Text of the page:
Functions, Resources, and Autonomy of Decentralized EntitiesIn accordance with this law, departments and provinces were assigned new responsibilities relating to implementation and financing, whereas municipalities and townships were assigned decision-making powers hitherto not assigned to them. Even more important, unlike what has happened in other countries, Bolivia took the precaution to provide the necessary budgetary resources to the new jurisdictions so that they can carry out the functions assigned them in the context of decentralization. Thus the 1994 reforms doubled the fiscal resources given to the municipalities.
Local jurisdictions (townships, municipalities, and to a lesser extent, the organizations of civil society) were clearly and decisively targeted by decentralization. Local authorities have considerable autonomy regarding the finances transferred to them. The intermediate level of government does not enjoy the same autonomy in the use of resources. In any event the supervision of the decentralized entities is the responsibility of the Ministry of Human Development and the National Secretariat for Popular Participation. Decentralization in Bolivia made it possible to move from a highly centralized system of public service delivery to a more decentralized service delivery, to the extent that municipalities were assigned responsibility for local infrastructure under the watchful eye of grassroots committees and other types of civil society organizations.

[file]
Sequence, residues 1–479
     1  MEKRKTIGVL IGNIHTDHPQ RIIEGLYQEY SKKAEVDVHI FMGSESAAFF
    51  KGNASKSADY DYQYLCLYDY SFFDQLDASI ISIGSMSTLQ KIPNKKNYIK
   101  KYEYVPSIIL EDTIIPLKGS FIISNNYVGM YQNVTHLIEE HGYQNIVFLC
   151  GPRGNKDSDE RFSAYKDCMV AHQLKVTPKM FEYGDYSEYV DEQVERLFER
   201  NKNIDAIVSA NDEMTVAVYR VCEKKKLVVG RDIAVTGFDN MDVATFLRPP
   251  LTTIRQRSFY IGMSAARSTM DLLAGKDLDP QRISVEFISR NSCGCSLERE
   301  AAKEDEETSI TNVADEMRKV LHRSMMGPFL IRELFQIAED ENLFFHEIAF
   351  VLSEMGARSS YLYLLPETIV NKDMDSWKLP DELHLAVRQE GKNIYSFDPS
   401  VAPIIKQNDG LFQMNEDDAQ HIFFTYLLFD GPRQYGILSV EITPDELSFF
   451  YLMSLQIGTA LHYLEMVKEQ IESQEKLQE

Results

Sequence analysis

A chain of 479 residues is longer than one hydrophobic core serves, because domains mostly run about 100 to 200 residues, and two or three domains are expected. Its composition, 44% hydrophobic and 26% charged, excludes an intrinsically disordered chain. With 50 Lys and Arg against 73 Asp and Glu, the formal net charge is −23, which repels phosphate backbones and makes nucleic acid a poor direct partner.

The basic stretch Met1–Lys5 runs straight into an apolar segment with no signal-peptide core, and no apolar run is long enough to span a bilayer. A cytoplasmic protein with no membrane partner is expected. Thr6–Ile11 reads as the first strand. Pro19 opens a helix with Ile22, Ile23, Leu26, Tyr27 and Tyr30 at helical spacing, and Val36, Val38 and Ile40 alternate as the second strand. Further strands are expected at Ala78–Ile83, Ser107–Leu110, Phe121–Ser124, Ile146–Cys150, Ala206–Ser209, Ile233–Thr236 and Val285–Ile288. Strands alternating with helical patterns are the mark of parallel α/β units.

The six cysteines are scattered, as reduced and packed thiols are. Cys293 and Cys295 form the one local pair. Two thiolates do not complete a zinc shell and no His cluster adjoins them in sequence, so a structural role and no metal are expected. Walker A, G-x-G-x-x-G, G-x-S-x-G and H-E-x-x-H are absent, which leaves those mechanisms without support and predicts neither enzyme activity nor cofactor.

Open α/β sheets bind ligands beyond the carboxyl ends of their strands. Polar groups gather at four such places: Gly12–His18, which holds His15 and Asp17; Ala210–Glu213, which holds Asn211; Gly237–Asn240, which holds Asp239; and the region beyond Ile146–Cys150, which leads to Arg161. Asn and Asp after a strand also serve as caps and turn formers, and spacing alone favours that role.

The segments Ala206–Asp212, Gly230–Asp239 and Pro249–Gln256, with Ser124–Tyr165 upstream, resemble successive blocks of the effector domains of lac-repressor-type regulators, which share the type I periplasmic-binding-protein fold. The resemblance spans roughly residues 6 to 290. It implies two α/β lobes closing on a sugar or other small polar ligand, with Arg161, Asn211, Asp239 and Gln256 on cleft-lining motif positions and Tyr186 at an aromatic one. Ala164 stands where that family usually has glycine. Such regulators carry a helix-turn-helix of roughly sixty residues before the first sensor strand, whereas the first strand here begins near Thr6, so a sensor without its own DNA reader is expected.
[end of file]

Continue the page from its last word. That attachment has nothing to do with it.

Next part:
C. Decentralization and Rural Development
Forms of Decentralization, Agricultural and Rural Development Policy FormulationThe process of decentralization in the agricultural and rural sector started in 1993-94 but on account of its complexity, it was not possible to adhere to its implementation schedule. In spite of this, one can already notice an extensive devolution of powers to subnational governments. Devolution to civil society organizations on the other hand, has been limited. Similarly, deconcentration and delegation are less far-reaching than devolution, and hence one can speak in terms of a real "municipalization" of rural development in Bolivia. Executive powers have been restructured so that they can fit in with the new decentralization policy, which specifically targets the local level.
Though basically determined at the national level, modalities for rural development planning combine ascending and descending procedures. This has made it possible for policy to be modified to take into account regional and production characteristics, and more consultations with the local level, as well as basic coordination at departmental level. Consultation and coordination procedures for equipment and rural infrastructure break down as follows : decision-making at national level, local financing, and control, monitoring and evaluation by departments.